Tyler, who owns a local car dealership, says most people are impressed by the industry coming into the area. “They’re not stripping our beautiful mountains or clear-cutting the forests, and we’re starting to see some of the economic benefits.”
Last week, with the British government giving the go-ahead for exploratory fracking for shale gas, the benefits of the industry, together with attendant anxieties over groundwater pollution and earth tremors, were brought more clearly into focus. But in the valleys of rural Pennsylvania, it is hard to find anyone who does not believe in its benefits.
“If fracking hadn’t come after the 2008 crash, we would have seen a lot of foreclosed homes round here,” says Nelson Warren, a fourth-generation school bus driver who lives near New Milford in the Susquehanna Valley. “It’s brought employment. You see new additions to homes, farmers with new equipment. The oil companies have put money into schools and hospitals.”
Two wells have been drilled on the old Warren family dairy farm. Local families have been paid for use of the land and underlying mineral rights – in some cases $600,000 or more – and will receive royalties on any gas that is produced. Moreover, there is word here that beneath the Marcellus Shale, roughly 6,000 feet down, is another deposit, known as the Utica Shale, that could be tapped to produce oil and gas for future generations.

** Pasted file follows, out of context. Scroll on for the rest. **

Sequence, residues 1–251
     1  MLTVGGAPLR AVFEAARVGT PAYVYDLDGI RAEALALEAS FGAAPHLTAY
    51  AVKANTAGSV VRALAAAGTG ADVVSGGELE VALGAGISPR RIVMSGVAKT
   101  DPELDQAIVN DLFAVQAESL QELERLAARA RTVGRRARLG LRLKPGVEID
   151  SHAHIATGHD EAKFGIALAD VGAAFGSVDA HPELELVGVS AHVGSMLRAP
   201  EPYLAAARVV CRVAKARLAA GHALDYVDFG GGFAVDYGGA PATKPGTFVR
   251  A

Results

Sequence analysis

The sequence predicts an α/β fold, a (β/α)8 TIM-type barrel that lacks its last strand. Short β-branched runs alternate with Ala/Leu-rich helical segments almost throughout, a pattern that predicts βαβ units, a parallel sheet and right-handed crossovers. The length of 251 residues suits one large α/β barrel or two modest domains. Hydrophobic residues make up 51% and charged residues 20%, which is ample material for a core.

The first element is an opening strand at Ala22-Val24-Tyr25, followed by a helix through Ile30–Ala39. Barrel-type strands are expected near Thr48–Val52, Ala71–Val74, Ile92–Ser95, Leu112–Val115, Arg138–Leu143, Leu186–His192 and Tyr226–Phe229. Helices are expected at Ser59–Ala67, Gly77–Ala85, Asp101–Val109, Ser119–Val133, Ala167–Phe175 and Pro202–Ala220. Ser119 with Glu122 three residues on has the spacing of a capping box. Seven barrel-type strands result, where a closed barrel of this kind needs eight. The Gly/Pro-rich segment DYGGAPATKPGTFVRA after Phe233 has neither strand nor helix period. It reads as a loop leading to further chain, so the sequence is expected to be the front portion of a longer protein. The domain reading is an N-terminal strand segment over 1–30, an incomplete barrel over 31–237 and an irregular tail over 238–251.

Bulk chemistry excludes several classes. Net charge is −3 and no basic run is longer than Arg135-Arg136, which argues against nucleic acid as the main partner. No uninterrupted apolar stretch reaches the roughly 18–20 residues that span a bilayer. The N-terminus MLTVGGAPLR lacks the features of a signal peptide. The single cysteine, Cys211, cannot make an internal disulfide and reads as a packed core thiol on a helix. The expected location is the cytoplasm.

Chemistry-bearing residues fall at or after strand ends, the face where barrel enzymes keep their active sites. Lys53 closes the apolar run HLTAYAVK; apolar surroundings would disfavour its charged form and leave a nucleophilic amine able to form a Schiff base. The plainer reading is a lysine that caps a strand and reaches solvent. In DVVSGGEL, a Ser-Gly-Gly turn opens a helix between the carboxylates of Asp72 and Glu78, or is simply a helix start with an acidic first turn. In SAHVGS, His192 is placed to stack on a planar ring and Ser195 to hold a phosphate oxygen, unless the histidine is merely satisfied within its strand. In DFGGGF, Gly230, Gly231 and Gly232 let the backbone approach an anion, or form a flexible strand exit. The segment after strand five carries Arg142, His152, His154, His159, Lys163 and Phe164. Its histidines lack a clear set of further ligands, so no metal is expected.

That depends on advances in drilling and the price of natural gas and shale oil holding up. The process of hydraulic fracturing itself is not new, but the drilling techniques needed to drill down and then out horizontally for several hundred metres before deploying explosives and pressurised water are.
Public distrust of energy firms since the BP gulf disaster has hardened, and energy giants are having a hard time getting their message out; no firm operating in the Marcellus region, or their political representatives in Washington, agreed to assist with or comment on this article.
There is widespread concern, particularly over the Pennsylvania border in New York state, where governor Andrew Cuomo placed a moratorium on fracking in 2008 subject to the results of a pending environmental review.
Opponents say some of the chemicals involved – such as surfactant friction reducers and biocides used to stop the shale from swelling and closing up after the blast fractures it, before as much as half a million tons of sand is pumped in to hold the fissures open – could leak into groundwater aquifers.
A drill manager on one new site insists that scenario is almost impossible: “All the horsepower in the world wouldn’t bring those chemicals up to the surface,” he says, citing his contract as the reason for wishing to remaining anonymous. “They heard about that BP episode so they’re nervous about past experiences. But people don’t know what’s really going on. That was just about corner-cutting: BP screwed up.”